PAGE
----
Battle continues between Seattle taxicab and for-hire drivers

Battle continues between Seattle taxicab and for-hire drivers
SEATTLE -- It can be hard to spot the difference, but getting into a for-hire car with unregulated fares could cost you big.

Local cab drivers say the look-alike for-hire cars are getting way too aggressive, and today they announced their intent to sue the City of Seattle for failing to enforce the law.

Tensions continue to rise between drivers of taxicabs and the for-hire cars that look nearly the same but aren't licensed to pick up people who flag them down from sidewalks.

Seattle limits the number of taxicabs to 930, adding more as needed. Taxicab drivers get background checks, car inspections and pay sizeable fees. For-hire cars can charge customers anything they want, and the drivers and cars are vetted by the county, not the city.

The city has now deployed four undercover inspectors to flag down and ticket for-hire cars. City council member Sally Clark is the point person on the city's plan to sort it all out.

"If you ask the taxi drivers, we're not catching enough folks. If you ask the for-hire drivers, they're not being allowed to really serve market demand," Clark said.

It's easy for customers to get confused, but the easiest way to tell the two apart is that for-fire cars cannot use the words "taxi" or "cab" anywhere on their cars. The for-hire cars are licensed for call-in-advance service only, and are never supposed to stop for someone flagging them down.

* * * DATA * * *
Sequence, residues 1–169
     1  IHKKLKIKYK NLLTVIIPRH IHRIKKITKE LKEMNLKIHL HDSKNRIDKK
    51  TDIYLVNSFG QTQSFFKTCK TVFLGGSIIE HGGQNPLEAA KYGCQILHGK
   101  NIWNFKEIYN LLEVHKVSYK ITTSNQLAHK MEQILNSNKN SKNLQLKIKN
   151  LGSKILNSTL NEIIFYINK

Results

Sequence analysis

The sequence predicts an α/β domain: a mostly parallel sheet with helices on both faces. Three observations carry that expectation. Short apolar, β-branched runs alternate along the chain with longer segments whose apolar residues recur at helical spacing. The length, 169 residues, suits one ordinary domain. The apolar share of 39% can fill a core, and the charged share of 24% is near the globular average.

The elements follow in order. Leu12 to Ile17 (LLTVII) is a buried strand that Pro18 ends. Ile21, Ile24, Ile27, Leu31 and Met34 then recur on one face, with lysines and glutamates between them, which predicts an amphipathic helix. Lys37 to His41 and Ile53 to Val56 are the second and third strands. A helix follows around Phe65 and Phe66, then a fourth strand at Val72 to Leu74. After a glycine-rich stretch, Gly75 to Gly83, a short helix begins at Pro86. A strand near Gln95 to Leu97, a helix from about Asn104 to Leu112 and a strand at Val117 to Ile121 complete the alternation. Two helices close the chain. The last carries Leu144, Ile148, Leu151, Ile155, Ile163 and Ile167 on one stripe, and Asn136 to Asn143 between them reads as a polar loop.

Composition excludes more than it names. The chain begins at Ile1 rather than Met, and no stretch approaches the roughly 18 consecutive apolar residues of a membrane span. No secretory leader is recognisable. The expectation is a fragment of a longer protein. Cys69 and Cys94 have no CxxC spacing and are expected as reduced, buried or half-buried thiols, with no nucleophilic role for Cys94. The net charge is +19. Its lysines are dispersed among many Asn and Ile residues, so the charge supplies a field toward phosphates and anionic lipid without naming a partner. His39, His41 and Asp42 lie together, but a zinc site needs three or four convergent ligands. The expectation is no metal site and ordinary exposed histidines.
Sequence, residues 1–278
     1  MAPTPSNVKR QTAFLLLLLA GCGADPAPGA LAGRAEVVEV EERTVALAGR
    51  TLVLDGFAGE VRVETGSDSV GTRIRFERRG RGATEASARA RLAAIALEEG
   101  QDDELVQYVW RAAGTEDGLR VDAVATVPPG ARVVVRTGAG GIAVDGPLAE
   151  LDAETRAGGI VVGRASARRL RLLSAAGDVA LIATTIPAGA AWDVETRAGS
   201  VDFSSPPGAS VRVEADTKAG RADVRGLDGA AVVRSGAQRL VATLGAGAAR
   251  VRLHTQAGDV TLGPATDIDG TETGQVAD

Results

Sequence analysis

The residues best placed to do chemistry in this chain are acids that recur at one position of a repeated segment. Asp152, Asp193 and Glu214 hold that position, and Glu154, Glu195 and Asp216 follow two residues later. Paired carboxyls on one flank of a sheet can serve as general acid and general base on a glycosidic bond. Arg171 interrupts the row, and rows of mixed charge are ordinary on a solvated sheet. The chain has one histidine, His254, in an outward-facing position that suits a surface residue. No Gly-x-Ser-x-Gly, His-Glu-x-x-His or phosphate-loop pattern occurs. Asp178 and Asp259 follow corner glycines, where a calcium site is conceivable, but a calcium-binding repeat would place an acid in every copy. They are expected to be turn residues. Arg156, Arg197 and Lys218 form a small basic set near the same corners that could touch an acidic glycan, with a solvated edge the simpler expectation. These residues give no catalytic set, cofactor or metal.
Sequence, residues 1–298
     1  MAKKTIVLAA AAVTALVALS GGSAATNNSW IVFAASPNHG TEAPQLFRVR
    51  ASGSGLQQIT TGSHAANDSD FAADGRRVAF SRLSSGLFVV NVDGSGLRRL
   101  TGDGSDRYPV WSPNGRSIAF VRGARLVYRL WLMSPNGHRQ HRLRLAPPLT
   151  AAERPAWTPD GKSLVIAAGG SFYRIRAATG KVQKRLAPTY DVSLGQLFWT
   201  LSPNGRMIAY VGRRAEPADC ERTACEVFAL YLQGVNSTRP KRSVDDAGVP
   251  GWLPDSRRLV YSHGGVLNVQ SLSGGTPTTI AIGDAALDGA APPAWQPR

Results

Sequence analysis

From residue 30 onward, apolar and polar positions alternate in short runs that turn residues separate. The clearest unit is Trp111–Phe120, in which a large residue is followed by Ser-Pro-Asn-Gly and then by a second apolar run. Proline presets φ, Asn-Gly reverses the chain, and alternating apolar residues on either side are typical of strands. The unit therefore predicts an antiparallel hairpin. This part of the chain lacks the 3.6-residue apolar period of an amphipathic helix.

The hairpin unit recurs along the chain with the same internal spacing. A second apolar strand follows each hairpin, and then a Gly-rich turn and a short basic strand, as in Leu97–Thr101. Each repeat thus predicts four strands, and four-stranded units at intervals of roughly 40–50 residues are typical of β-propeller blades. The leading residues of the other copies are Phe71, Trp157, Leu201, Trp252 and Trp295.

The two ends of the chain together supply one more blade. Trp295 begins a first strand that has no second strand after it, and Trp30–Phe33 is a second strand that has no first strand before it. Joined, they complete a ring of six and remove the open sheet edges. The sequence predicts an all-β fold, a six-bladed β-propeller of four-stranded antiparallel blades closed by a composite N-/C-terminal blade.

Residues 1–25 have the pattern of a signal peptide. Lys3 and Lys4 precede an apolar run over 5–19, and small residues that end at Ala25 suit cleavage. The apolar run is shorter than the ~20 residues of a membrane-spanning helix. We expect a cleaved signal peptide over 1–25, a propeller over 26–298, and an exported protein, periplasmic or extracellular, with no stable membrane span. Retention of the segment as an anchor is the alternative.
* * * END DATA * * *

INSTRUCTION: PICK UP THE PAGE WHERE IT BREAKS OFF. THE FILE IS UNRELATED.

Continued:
But they do, as a recent undercover investigation by KOMO News shows.

Every single available for-hire car flagged down during the investigation stopped. Some tried to wiggle out of the deal when they were told they were being filmed by KOMO.

"And if you are doing a report, I am sorry. I have to let you out here because you are not my customer," one for-hire driver said.

Others simply asked for forgiveness.

"Yeah, I know the law but we still struggling. I don't know what I am going to do," another driver said.

Clark acknowledged that breaking the rules can be very temping for cash-strapped for-hire drivers.

"That is a pretty big temptation if you're a for-hire driver," she said. "You're trying to make a living as well. And, if there is demand out there, you're going to be pretty tempted to jump in there and pick up a fare or two."

The city is also reviewing town cars, which are also not allowed to pick up sidewalk fares.

The Seattle City Council should get recommendations in July.